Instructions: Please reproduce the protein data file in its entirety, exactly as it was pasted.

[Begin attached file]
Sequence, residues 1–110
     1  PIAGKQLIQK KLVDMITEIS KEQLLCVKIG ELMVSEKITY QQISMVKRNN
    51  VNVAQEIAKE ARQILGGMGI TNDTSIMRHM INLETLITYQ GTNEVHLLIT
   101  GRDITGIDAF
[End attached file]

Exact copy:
Sequence, residues 1–110
     1  PIAGKQLIQK KLVDMITEIS KEQLLCVKIG ELMVSEKITY QQISMVKRNN
    51  VNVAQEIAKE ARQILGGMGI TNDTSIMRHM INLETLITYQ GTNEVHLLIT
   101  GRDITGIDAF